The participants of the Prenatal Health Project were recruited in ultrasound facilities in London, Ontario from 2002-2005. We recruited women who were between 12-20 weeks of a singleton pregnancy who resided in the city of London or in the immediately-surrounding rural area of London-Middlesex. Initially, study participants completed a telephone interview within one week of recruitment. This interview asked questions about many aspects of their lives, including: their age, marital status, family structure, their social supports and stresses, their medical status and their food and nutrition intake. With their prior consent, we also gathered neonatal health information from their delvery room charts. There were a total of 2357 study participants at this stage.
A sub-sample of 739 participants were re-interviewed when their child was less than one year old. This was what researchers call a "convenience sample"; there was nothing in particular that was different about the people chosen for interview other than the fact that their child was <1 year old when we conducted the interviews. Other participants were not approached because their children had aged past one year at the time we decided to do a follow-up.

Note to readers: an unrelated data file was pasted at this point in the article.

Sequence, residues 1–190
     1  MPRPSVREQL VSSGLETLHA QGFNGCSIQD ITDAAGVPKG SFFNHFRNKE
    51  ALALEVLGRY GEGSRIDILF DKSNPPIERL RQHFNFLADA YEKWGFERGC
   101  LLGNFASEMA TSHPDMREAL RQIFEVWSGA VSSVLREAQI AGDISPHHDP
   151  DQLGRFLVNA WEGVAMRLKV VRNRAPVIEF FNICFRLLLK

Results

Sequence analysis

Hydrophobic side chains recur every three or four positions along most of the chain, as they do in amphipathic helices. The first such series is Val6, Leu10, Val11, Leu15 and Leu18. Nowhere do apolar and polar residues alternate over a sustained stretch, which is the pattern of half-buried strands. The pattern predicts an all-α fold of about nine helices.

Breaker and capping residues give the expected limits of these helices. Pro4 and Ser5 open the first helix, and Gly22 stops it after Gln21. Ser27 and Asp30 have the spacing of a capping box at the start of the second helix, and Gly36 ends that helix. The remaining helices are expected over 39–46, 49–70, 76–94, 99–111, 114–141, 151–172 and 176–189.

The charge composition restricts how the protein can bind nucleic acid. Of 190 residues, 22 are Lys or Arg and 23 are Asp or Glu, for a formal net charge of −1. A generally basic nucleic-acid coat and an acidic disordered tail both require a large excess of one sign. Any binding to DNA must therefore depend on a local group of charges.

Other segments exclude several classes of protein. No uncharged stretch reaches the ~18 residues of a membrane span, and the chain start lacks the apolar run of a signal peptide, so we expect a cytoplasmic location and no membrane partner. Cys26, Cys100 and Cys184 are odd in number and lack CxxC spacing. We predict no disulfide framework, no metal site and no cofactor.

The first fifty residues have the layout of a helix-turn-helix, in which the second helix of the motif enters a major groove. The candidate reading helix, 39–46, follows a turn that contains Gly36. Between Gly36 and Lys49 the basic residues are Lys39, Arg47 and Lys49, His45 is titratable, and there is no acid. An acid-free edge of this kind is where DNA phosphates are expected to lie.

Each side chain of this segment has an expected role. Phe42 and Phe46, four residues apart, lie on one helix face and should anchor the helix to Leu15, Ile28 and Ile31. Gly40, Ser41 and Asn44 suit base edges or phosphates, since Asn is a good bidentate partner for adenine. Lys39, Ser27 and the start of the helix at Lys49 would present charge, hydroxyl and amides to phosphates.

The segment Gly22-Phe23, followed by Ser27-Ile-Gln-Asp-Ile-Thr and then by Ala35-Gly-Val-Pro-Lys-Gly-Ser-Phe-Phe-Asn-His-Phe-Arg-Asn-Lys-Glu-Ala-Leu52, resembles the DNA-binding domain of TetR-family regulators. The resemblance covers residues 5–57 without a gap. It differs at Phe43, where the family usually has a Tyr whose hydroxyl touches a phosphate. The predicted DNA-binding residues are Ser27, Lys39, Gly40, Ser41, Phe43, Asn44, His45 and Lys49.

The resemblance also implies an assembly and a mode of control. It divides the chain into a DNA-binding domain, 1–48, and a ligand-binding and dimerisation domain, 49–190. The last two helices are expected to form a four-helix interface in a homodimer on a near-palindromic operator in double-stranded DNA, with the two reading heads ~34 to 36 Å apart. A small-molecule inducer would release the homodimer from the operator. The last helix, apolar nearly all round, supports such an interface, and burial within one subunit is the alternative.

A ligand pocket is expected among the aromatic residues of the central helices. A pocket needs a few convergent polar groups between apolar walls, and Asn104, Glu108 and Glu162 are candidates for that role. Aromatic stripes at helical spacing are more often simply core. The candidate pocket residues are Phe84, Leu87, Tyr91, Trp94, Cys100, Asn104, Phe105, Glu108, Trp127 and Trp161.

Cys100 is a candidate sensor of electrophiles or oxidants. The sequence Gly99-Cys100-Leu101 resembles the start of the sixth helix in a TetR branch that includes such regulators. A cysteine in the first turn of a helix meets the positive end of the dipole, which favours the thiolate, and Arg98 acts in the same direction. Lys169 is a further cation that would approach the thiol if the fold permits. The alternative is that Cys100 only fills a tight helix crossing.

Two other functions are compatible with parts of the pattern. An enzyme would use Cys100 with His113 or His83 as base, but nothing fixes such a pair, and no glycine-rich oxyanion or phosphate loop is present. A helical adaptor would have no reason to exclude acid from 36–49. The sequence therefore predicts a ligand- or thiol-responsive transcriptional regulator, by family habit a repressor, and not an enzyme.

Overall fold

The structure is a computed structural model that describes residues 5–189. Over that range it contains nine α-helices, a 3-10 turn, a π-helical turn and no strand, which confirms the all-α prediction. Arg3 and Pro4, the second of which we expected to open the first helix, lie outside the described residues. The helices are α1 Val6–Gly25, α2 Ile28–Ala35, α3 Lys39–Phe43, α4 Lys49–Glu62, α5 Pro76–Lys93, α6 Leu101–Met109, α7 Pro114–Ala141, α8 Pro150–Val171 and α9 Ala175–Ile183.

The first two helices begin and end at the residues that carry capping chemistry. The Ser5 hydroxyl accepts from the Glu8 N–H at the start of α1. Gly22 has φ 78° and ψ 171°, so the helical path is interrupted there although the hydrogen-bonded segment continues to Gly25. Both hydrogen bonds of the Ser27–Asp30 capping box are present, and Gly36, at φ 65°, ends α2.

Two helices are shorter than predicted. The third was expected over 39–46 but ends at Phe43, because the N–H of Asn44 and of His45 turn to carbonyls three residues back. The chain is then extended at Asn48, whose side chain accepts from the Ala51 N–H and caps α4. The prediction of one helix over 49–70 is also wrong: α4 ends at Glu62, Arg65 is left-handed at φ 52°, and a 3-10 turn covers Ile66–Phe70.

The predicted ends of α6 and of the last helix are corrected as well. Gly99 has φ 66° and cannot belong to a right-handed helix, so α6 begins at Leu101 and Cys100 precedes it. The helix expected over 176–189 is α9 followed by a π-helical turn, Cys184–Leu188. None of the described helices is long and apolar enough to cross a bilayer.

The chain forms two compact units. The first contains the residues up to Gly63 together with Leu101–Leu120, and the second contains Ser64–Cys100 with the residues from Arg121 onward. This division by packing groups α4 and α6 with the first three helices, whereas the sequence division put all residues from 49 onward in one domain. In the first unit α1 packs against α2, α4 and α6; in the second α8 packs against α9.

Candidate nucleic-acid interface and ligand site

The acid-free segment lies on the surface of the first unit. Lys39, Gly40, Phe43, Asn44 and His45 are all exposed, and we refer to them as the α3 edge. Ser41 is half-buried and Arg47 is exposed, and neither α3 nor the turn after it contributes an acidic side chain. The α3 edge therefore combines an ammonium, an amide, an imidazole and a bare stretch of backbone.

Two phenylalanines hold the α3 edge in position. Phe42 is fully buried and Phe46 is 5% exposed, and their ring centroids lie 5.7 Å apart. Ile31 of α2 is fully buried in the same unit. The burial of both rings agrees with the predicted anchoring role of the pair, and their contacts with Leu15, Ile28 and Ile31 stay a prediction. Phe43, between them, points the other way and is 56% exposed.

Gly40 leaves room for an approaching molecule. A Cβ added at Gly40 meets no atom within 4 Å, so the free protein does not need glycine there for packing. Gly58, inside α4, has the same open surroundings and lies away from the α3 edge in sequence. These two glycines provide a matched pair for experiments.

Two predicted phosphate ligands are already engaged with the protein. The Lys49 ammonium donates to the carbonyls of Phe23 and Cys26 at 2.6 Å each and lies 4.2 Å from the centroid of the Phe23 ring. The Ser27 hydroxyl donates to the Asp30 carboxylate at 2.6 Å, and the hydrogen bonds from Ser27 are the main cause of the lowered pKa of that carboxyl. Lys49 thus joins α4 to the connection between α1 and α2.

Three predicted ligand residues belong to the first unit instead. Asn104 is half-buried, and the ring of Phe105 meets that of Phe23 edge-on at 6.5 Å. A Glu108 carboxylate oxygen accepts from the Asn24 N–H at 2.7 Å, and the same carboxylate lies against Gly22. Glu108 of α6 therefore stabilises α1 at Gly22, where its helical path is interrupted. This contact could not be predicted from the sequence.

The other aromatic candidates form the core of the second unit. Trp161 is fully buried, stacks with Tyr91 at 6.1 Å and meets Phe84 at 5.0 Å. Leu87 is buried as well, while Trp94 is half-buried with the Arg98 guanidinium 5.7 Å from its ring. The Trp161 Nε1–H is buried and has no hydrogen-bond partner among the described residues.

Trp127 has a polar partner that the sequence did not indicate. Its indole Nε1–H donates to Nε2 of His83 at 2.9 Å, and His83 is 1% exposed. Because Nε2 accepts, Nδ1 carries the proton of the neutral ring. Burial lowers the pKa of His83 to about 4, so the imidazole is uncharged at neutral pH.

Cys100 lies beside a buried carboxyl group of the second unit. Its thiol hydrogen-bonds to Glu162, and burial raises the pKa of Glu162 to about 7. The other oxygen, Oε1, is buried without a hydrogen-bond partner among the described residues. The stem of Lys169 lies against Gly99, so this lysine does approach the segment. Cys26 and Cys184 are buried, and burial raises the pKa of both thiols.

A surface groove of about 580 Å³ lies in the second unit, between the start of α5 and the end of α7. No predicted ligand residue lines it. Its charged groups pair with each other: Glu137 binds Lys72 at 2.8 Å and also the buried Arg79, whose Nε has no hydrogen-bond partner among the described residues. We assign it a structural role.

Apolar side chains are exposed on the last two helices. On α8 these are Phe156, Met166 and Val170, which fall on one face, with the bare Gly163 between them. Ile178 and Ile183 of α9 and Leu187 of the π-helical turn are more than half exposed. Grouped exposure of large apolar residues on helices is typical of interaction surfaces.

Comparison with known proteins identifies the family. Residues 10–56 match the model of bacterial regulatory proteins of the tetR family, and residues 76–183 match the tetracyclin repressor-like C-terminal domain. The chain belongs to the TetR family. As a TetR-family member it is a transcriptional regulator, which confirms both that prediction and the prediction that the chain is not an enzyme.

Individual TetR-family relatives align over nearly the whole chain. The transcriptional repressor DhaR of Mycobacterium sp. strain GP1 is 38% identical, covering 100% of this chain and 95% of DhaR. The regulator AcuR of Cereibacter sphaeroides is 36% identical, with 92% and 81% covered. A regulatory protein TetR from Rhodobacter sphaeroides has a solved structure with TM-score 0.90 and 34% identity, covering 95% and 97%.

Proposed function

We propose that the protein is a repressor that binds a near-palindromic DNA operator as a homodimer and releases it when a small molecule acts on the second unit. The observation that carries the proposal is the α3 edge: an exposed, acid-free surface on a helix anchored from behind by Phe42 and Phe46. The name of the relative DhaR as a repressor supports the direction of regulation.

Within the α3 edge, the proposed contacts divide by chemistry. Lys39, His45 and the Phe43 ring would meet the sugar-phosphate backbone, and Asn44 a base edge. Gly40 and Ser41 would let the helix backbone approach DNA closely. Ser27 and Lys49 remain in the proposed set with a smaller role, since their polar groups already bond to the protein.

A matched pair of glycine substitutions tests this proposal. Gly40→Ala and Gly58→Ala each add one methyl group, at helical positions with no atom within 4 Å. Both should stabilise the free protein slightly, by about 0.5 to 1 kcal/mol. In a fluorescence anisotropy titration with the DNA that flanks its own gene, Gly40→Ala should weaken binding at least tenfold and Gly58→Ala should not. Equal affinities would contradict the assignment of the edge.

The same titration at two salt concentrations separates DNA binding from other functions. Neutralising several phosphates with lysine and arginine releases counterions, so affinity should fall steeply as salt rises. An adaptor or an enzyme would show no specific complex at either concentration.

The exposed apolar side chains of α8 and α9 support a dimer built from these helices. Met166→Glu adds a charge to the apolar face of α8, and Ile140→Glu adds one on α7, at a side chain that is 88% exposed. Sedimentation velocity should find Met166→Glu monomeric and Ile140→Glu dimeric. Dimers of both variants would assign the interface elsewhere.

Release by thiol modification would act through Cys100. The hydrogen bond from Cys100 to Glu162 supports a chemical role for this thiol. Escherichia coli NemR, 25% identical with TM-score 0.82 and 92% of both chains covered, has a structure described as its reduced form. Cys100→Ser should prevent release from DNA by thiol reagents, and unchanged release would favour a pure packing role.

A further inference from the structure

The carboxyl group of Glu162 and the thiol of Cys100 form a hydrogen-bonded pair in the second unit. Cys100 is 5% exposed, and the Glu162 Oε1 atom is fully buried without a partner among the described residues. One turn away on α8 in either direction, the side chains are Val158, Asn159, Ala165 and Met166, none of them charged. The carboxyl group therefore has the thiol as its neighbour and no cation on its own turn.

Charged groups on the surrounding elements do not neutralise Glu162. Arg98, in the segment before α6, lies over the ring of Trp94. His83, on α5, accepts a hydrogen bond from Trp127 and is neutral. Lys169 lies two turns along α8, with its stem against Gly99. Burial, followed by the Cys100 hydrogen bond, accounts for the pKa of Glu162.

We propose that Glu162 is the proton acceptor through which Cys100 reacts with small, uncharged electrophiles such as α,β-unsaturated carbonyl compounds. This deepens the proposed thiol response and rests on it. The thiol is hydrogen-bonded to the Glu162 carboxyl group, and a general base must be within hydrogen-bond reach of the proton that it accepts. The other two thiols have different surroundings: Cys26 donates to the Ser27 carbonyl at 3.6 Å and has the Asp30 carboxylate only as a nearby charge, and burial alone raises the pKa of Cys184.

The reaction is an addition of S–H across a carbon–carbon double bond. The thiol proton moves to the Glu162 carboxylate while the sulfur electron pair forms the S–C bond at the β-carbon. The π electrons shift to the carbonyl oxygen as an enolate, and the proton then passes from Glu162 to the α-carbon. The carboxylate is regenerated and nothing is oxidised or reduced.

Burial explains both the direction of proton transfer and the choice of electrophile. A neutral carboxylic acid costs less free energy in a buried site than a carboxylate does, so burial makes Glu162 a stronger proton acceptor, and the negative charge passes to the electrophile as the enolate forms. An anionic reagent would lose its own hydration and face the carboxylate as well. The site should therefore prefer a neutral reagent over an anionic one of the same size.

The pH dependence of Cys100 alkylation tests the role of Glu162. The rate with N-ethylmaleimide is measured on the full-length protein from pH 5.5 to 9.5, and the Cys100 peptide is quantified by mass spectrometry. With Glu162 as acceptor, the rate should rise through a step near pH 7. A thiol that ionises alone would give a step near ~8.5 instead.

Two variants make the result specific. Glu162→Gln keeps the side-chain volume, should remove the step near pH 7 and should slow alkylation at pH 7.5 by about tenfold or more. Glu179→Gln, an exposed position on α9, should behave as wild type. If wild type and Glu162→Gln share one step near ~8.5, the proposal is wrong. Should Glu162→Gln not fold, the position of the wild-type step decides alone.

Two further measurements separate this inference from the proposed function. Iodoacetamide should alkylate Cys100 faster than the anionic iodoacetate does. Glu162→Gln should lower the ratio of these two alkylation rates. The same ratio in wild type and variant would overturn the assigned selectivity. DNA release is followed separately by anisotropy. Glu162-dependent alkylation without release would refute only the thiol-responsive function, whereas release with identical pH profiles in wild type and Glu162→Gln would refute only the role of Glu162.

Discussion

Subsequently, all study participants were approached to participate in another wave of data collection while their children were 2-5 years old. We were able to establish contact with 1607 of the original study participants willing to participate in this wave of data collection. At this time, we asked some questions about current family structure, supports and stresses. As well, we collected data on the mother's and childrens' health and health service use.
Our findings to date are important for understanging the factors that contribute to children's optimal health and development. The success of this study has hinged upon the commitment and contributions of the mothers who volunteered for this study, who are the people who know their children best and therefore can tell us all about the factors in their environment and their child's health. We look forward to contacting these mothers again, when their children are adolescents, to continue to add to our important findings. Key study findings are reported elsewhere on this website.